I felt helpless: A year after the fall of Kabul, the world can still help Afghanistan

The Taliban are not capable of running a modern government. They do not have the resources or the capacity to regulate Afghanistan's economy or incorporate the rule of law into their government.

Mohammad Farid Hamidi
Former Afghan attorney general

I didn't feel anything but numb. I watched the news as young Afghans held onto planes to escape the Taliban. I watched as young Afghan women were robbed of their freedom, education and lives. I could do nothing but call my family and colleagues as I sat in the United States, preparing to complete a graduate program at Harvard. 

Aug. 15, 2021, was the first time I felt helpless. 

It was the day I realized that I would no longer have a home in a country that had been my sanctuary for 53 years. Kabul, the capital of Afghanistan, was almost the last province to fall in the hands of the Taliban. It was the final province that was still hopeful of holding and surviving.

Throughout my life in Afghanistan, I witnessed the fall of many governments. I know how long it takes for a government to collapse, for the people to panic and for chaos to ensue, but this collapse was the most painful and surprising of all.

Fall of Afghan government, fall of America from grace

All I wanted to do was go back, but as a former attorney general during the country's desperate attempt for democracy, that was not an option. Not with the Taliban back in power. As young Afghans fell off planes, their fall did signify not only the fall of the Afghan government but also the fall of America from grace in a country it had invested 20 years in struggling to liberate. 

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I knew that the Afghan people would suffer more. The Taliban believed in a military solution. They expected the Afghan people to accept them. They expected the world to ratify them as they unlawfully fought and took the nation, spilling the blood of hundreds of thousands of Afghans over the past 20 years.

Hundreds of people run alongside a U.S. Air Force transport plane as it moves down a runway of the international airport in Kabul, Afghanistan, on Aug.16, 2021.

The people of Afghanistan want peace, not another oppressive totalitarian government. This need will only grow – it will grow until there is no more vast space for it to grow and that's when the vase will break. The Taliban miscalculated as they brutally killed thousands last year during their return to power. The world witnessed the Taliban and their work toward the recession of all the progress made in the country.

But now, Afghanistan has become a haven for terrorists and terrorist organizations. Watching the Taliban undo all the progress that Afghanistan and its people made it very difficult because Afghanistan had finally become a country that preserved women's rights and human rights and pushed for education. Afghanistan was advancing forward, but now the Taliban have reversed the 20 years of progress.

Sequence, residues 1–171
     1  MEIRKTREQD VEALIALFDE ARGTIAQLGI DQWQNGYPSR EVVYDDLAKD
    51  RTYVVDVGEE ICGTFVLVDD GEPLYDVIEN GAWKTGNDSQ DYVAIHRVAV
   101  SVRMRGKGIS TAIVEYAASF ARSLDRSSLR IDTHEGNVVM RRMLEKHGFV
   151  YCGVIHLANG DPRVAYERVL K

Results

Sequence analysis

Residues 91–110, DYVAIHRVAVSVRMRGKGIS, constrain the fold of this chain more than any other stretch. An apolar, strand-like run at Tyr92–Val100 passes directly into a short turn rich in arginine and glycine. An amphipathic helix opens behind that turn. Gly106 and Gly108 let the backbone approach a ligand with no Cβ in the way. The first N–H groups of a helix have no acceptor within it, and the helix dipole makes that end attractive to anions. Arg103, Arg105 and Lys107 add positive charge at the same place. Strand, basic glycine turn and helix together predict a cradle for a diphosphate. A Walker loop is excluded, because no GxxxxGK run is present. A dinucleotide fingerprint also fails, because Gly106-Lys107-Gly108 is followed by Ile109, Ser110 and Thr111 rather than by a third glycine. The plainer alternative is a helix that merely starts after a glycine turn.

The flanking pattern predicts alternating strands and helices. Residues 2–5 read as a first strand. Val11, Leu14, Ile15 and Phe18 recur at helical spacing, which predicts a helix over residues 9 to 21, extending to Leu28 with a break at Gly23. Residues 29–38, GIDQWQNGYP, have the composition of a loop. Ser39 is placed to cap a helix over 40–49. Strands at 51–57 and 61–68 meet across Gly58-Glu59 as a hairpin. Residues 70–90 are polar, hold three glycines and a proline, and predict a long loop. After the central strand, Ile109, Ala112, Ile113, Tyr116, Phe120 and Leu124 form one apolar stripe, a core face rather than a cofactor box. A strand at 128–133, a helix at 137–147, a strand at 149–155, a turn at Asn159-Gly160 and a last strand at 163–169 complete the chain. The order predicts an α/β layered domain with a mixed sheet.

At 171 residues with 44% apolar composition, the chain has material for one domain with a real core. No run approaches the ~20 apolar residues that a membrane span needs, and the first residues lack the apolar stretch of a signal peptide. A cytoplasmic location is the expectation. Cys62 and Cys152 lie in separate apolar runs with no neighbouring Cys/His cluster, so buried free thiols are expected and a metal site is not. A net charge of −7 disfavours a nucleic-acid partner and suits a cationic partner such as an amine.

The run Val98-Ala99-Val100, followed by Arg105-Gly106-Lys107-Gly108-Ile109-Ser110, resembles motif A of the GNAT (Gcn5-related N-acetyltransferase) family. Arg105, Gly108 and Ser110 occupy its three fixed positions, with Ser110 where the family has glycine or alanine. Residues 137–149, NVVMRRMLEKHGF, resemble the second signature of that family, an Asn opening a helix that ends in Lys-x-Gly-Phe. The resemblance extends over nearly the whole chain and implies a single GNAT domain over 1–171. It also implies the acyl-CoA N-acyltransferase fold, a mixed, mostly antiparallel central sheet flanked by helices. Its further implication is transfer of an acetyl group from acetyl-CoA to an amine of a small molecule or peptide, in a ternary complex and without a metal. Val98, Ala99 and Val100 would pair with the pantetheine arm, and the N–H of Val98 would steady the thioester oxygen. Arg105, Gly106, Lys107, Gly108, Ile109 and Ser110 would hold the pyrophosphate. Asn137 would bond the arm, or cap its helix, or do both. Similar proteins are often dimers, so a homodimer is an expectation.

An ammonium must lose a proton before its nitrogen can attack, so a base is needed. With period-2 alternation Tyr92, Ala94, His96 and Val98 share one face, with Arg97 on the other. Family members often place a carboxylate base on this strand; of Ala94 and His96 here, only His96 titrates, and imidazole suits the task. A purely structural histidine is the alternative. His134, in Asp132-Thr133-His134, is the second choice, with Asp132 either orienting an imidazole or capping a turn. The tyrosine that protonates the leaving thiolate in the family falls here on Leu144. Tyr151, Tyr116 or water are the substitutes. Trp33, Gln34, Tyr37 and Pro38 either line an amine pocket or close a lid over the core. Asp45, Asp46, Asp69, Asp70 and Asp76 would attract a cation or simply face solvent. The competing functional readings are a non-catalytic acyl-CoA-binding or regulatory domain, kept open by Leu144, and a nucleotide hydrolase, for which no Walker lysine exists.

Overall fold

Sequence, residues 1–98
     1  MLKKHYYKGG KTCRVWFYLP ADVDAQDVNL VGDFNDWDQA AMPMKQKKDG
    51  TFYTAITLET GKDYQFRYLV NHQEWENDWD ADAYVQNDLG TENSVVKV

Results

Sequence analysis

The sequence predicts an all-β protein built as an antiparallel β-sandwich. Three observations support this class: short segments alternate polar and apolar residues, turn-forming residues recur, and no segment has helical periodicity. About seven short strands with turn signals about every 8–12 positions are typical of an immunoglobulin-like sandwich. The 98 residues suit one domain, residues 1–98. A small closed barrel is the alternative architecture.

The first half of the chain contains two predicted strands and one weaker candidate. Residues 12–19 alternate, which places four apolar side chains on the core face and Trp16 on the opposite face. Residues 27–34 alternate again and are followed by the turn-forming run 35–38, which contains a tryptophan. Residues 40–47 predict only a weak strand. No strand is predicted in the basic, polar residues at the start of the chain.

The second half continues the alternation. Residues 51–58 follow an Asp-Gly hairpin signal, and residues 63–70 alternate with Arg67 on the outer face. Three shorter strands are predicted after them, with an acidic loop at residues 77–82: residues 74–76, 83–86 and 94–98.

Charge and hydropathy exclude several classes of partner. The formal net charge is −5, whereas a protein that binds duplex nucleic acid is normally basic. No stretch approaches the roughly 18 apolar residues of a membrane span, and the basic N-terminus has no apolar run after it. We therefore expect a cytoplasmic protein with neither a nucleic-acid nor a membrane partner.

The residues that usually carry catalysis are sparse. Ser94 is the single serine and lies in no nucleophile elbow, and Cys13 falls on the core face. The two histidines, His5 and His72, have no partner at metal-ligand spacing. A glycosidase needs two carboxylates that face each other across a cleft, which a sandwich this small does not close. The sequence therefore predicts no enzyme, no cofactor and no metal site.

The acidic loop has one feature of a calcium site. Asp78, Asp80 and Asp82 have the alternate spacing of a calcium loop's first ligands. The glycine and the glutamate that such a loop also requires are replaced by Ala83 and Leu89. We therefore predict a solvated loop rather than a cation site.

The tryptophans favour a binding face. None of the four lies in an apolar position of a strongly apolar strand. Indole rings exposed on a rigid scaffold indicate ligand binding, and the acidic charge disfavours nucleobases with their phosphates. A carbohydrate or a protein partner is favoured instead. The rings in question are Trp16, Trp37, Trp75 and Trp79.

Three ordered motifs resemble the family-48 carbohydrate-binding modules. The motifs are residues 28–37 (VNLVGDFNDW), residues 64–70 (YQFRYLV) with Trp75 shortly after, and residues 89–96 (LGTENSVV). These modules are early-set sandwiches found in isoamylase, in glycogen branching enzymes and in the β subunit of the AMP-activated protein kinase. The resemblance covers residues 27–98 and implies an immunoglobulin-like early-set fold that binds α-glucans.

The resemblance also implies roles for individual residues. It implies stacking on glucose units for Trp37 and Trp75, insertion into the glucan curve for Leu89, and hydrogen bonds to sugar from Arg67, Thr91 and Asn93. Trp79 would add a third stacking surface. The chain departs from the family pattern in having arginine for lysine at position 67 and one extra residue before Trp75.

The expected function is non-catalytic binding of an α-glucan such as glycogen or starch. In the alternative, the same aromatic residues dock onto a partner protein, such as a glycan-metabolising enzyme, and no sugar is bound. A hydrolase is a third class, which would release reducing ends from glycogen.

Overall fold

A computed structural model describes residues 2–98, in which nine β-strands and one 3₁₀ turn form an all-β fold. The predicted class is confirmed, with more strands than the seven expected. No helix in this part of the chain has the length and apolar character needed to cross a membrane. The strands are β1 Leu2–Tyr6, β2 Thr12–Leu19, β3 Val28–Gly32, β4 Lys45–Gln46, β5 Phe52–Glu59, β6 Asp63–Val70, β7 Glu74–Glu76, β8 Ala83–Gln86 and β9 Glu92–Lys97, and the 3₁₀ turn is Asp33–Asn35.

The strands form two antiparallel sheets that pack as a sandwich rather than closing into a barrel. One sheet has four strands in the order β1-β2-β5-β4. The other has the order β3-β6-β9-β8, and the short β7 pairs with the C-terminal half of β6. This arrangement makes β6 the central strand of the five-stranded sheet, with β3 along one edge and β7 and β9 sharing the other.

The Taliban are not capable of running a modern government. They do not have the resources or the capacity to regulate Afghanistan's economy or incorporate the rule of law into their government.

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The Taliban only know how to fight.

This will lead to more severe conflict in Afghanistan, which will be disastrous for the region and for the world. The Taliban incorporated discriminative laws into their rule – from discrimination against religion, to discrimination based on ethnicity and gender, and discrimination against millions of people who were working and living under the previous government. My fear is this will lead to the collapse of Afghanistan as a nation. 

What can UN do to help Afghanistan?

There still can be a concerted push for peace in Afghanistan and prosperity for future generations.

But that means the Taliban must be pressured to change. The United Nations can help by establishing an inclusive committee to monitor the implementation of the 2020 "Doha deal," which among other things requires the Taliban to sever ties with al-Qaida and terrorist organizations.

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U.S. Secretary of State Antony Blinken said the Taliban "grossly" violated the deal by harboring al-Qaida leader Ayman al-Zawahri  in Kabul, where a U.S. drone killed al-Zawahri on July 30. 

A U.S. drone strike killed al-Qaida leader Ayman al-Zawahri on July 30, 2022, in Kabul, Afghanistan.

Even so, the Taliban might emerge as a legitimate party to the political process if they accept the reality of the need to refer to people’s will. They cannot rule Afghanistan like they have been doing. After 42 years of civil and international wars in Afghanistan, there are still opportunities for peace and the chance to resolve chronic problems of failed state and conflict.

The Taliban should also face diplomatic pressure to allow people to return to public life and create a constitution that ensures political, civil, cultural and economic rights. 

Mohammad Farid Hamidi

Establishing an inclusive body to draft a constitution will ensure equal rights for men and women to distribute power, wealth, resources and democratic institutions. The Taliban need to conduct a fair and accessible election to restore the rights of the people in their nation. The United Nations should be the leading organization for a still hopeful Afghanistan's mission for peace.

Mohammad Farid Hamidi served as attorney general of Afghanistan from 2016 to 2021. He is a graduate of the John F. Kennedy School of Government at Harvard University.